Feb. 20 (Bloomberg) -- Lloyds Banking Group Plc’s former chief executive officer, Eric Daniels, will lose 40 percent of his final bonus as he and 12 other current and former executives were penalized for improper sales of insurance products.
Daniels, 60, will lose about 580,000 pounds ($920,000) of his 1.45 million-pound bonus for 2010, Lloyds said in a statement today. All the reductions apply to their deferred stock payouts.
Tim Tookey, Lloyds’s finance director, Truett Tate, the head of the wholesale unit, Helen Weir, the former head of the retail bank, and Archie Kane, the bank’s former group insurance director, will have 25 percent of their 2010 bonuses clawed back, according to a person familiar with the matter who declined to be identified because the individuals’ names weren’t made public. The reductions follow the bank’s decision to set aside 3.2 billion pounds for loan-insurance sales practices that were found improper by regulators.
The other eight people affected by the decision, members of the bank’s group executive committee, will have their bonuses cut by 5 percent.
“The bonus pool for 2011 will reflect a further reduction” as the insurance provision “will affect all individuals eligible to be considered for a discretionary bonus for that year,” Lloyds said in the statement. “The board wishes to emphasize that its decision is based entirely on the principle of accountability, and in no way on culpability or wrong-doing by the individuals concerned.”
It’s the first time clawbacks have been applied to U.K. bank board members since the policy was agreed on by Group of 20 leaders in Pittsburgh in September 2009. Inappropriate sales of payment protection insurance, used to cover payments on credit cards and mortgages in case of illness or unemployment, will push Lloyds into a 2.6 billion-pound net loss for 2011, according to data compiled by Bloomberg.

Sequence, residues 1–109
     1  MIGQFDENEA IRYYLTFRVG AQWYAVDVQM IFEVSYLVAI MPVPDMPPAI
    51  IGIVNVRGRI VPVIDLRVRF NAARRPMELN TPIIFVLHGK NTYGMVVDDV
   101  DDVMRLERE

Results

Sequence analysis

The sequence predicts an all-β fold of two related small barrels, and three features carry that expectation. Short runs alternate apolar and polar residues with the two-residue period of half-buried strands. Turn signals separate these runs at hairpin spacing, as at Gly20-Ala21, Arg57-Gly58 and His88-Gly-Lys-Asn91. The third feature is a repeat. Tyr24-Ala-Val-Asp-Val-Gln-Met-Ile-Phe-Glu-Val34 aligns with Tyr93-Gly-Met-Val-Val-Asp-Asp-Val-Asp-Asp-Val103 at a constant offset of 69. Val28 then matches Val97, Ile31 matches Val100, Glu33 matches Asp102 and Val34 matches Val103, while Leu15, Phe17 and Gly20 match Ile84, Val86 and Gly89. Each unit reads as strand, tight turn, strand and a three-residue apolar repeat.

Kane was in line to receive a bonus of 767,000 pounds, Tate a payment of about 1 million pounds, Tookey 942,000 pounds and Helen Weir 875,000 pounds, according to the bank’s 2010 annual report.
Daniels stepped down as CEO of Lloyds in February last year and remained on the payroll until September. In 2008, he led the bank’s takeover of HBOS Plc, the U.K.’s biggest mortgage lender, whose losses led Lloyds to cede a 41 percent stake to the government and seek a taxpayer-funded bailout of more than 20 billion pounds.
Lloyds Chairman Win Bischoff said in June that the lender had had “no occasion” to consult Daniels since he left the CEO’s post, even though he remained on the payroll.
Lloyds is scheduled to report its full-year results on Friday. Last month, Lloyds CEO Antonio Horta-Osorio said he was turning down his 2011 bonus to reflect the bank’s performance and his nine-week absence last year for exhaustion.
Customers who bought PPI rarely compared prices and terms or switched providers and usually weren’t aware they could buy it from a firm other than their lender, the U.K.’s Competition Commission has said. The mis-selling of PPI is “likely to lead to a redress” of 9 billion pounds across the industry, Financial Services Authority CEO Hector Sants said in June.
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